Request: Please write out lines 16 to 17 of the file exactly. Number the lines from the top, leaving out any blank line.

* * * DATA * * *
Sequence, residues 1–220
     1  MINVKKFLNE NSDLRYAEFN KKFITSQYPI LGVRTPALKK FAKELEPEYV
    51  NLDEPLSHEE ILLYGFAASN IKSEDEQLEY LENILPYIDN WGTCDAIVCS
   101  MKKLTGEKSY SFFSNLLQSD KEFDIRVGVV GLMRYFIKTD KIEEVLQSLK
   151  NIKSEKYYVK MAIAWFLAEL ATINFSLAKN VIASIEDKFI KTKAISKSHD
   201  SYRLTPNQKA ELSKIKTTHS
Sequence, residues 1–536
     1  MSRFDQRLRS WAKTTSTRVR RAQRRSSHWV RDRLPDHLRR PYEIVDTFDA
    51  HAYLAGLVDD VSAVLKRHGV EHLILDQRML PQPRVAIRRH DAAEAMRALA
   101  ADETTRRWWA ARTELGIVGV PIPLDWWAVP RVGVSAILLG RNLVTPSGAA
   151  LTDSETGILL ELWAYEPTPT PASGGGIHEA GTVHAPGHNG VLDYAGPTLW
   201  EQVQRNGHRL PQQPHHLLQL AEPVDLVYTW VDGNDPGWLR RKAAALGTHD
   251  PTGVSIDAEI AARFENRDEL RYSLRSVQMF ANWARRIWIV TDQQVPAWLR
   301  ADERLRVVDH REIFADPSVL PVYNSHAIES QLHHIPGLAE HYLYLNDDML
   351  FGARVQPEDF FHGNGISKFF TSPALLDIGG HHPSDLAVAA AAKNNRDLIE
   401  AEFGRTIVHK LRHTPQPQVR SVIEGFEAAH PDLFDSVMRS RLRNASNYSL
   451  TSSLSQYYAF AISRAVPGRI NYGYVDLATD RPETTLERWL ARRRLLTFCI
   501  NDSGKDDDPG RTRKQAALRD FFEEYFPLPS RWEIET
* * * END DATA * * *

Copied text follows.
   401  AEFGRTIVHK LRHTPQPQVR SVIEGFEAAH PDLFDSVMRS RLRNASNYSL
   451  TSSLSQYYAF AISRAVPGRI NYGYVDLATD RPETTLERWL ARRRLLTFCI